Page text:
It sucks to realize I may be disabled within the next decade, or maybe the next 2 years. My new reality is that I will have to lug a heavy oxygen bottle around when I “exert” myself – i.e. walk more than 5 minutes, do housecleaning,  go to the mall … Doctors can diagnosis these things, but as my friend Connie, who has COPD and a long history of dealing with the medical profession, tells me, they don’t tell you how to deal with what comes next. After I had a lung catherization that showed no blood clot after all, the nurse called me to tell me to “keep doing what you’ve been doing!” with a big smile in her voice. Doing what I’ve been doing hasn’t helped, the breathing problems just keep getting worse.  I’m trying to hope for the best but prepare for the worst, getting my affairs in order, trying not to let my mother know how serious my condition is becoming, learning how to navigate my world with a heavy oxygen bottle strapped over my shoulder, thinking it may be time to ask for a handicapped hang tag because I can’t walk up my stairs without gasping for breath.

My new reality – I had planned to travel after I retire in 2 years, but the rules and regulations involved in flying when you’re oxygen-dependent are mind-boggling. I have begun knocking items off my bucket list – I’ll probably never return to Thailand, never see Angor Wat, maybe soon I won’t be able to go to western Massachusetts for Arlo’s October concerts … Will I be around to see what my brilliant granddaughters become, will I be able to go to their weddings, hold their children? This sucks, did I mention that? Time will tell …

My other new reality – I’ve had my first Christmas as a fatherless child, the first Father’s Day with no one to send a card to, no one to call me his baby girl. I’ve had the first Memorial Day when I visited my dad and talked to a carved headstone. There’s a quote I think about by Mark Halliday in Keep this : “Everybody’s father dies  But when my father died, it was my father.” I can say now that my father died last Christmas Eve, and I can believe it and accept it, but when I remember how his last minutes on earth were spent choking and gasping for air because a medical “professional” gave an unconscious man who couldn’t swallow a dose of liquid medicine, well, that anger is still with me, as well as my anger over the lawyers who said we had no case because he was so old his life had no value, legally speaking.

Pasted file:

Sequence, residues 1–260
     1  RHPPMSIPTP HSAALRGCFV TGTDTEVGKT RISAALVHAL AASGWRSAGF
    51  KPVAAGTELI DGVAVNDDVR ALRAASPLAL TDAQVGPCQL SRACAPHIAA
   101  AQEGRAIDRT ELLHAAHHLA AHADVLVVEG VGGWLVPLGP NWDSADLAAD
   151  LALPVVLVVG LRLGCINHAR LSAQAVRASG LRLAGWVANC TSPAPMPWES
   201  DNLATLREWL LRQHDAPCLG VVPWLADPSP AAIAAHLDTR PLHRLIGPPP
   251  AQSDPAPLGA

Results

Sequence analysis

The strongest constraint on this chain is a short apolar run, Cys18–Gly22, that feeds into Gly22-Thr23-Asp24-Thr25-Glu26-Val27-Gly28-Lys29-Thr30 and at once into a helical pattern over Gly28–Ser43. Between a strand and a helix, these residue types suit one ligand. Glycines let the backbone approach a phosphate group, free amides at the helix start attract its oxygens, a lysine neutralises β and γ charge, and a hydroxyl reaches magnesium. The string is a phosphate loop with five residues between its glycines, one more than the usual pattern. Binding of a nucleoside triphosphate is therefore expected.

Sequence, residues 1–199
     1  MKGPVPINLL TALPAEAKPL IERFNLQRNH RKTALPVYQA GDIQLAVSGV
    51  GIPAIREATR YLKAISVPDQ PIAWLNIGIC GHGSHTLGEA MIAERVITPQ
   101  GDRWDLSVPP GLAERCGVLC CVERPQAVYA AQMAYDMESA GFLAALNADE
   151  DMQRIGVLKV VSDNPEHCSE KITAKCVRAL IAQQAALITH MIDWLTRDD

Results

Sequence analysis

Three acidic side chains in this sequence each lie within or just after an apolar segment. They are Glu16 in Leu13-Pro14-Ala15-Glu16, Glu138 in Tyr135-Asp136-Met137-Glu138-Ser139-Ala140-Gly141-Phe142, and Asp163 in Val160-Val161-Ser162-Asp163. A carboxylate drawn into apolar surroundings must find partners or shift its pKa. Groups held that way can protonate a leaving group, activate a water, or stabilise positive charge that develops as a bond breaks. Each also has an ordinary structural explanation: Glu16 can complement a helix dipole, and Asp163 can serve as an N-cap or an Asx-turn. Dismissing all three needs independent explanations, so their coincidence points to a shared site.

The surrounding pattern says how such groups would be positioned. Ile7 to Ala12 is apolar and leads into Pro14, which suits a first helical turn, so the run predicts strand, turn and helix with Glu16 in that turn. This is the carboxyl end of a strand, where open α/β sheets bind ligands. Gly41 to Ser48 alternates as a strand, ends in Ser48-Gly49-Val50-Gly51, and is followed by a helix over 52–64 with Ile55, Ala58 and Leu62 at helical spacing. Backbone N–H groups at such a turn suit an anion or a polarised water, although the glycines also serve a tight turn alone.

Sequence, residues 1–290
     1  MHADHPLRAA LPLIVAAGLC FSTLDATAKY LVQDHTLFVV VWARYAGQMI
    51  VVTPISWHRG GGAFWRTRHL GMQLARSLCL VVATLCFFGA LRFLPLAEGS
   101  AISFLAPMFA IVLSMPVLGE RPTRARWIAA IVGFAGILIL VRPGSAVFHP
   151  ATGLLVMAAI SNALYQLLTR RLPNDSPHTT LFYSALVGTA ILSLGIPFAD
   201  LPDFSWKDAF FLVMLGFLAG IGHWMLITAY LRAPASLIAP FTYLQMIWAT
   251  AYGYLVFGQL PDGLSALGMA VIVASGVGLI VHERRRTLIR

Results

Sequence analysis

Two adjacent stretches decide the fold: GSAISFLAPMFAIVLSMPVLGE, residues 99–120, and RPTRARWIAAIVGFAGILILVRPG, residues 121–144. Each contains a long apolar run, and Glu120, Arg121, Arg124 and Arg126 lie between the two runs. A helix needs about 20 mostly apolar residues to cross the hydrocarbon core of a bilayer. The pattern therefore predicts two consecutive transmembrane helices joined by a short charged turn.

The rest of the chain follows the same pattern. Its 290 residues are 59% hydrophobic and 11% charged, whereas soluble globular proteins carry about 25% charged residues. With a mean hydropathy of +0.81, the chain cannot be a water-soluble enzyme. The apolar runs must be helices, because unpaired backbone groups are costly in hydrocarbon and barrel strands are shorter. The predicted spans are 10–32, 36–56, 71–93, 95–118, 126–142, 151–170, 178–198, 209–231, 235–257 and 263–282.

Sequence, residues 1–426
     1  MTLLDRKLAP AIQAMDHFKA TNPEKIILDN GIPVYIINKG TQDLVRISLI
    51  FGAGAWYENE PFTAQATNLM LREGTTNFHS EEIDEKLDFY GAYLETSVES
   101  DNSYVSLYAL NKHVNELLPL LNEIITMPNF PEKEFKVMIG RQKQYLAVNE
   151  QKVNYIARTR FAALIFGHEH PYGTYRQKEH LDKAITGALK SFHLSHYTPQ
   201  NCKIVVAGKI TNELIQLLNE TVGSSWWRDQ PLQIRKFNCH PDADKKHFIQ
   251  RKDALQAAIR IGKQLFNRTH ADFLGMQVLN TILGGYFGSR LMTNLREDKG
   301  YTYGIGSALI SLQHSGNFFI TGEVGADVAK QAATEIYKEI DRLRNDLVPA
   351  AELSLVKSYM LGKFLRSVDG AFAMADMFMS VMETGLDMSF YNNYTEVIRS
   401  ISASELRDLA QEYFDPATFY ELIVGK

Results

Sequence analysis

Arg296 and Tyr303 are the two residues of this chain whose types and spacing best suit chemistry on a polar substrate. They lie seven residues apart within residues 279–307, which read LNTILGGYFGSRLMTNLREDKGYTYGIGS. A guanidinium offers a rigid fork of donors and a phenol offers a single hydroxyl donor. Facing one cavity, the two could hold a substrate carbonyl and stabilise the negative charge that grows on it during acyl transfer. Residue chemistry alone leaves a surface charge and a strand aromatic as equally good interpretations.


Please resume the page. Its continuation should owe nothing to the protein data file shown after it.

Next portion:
I’ve learned that now that he’s gone, some members of the family are not treating Mother the way he treated her, with love and respect, taking care of her until his frail body gave out. Her last months, or weeks, or days are not peaceful, her very large extended family are not flocking around her, and I have tried to make things better but I’m too far away and it’s breaking my heart. Here is a woman who devoted her life to her family being ignored, neglected, or treated as a nuisance. How can that be?  Gotta stop now, my eyes are leaking …

Well, I think I’ll end this now. It’s taken me a long time to put the words on the screen. Isn’t there a quote about “misery shared is misery halved”? I feel better now.

Aug. 5, 2010. I’m feeling better today, physically and emotionally, and I’m ready to add the part where there’s Light at the End of the Tunnel, and It’s Not a Freight Train, Every Cloud has a Silver Lining, Into Every Life a Little Rain Must Fall … I was thinking of a song Pete Seeger, one of my personal heroes, wrote years ago about aging. Pete’s in his 90’s now and still going strong, BTW.  The chorus is

“How do I know my youth is all spent? My get up and go has got up and went.

But in spite of it all, I’m able to grin, when I think of the places my get up has been.”

I have been to far away places with strange-sounding names that most people only dream  about –  China, Siam (Thailand), the Philippines, Taiwan, Cambodia, Turkey, Peru, Nicaragua, Mexico, Guatemala, Honduras,  England, Scotland, Wales …and I almost forgot the Arlo Guthrie Blundering through the Alps tour that sent my life in a whole new direction – Germany, Switzerland, Austria, Italy …

Copper Canyon, Mexico

Shirley, Arlo & Annie in front of the Matterhorn

I have worked on archeological excavations in some of those places, even though I never finished that dissertation.

I had wonderful parents, and my dad lived to the ripe old age of 89, and my mother is 89 aiming for 90. I have known love, even if it wasn’t forever, and I have two sons I adore, and four granddaughters any grandmother would be proud to claim.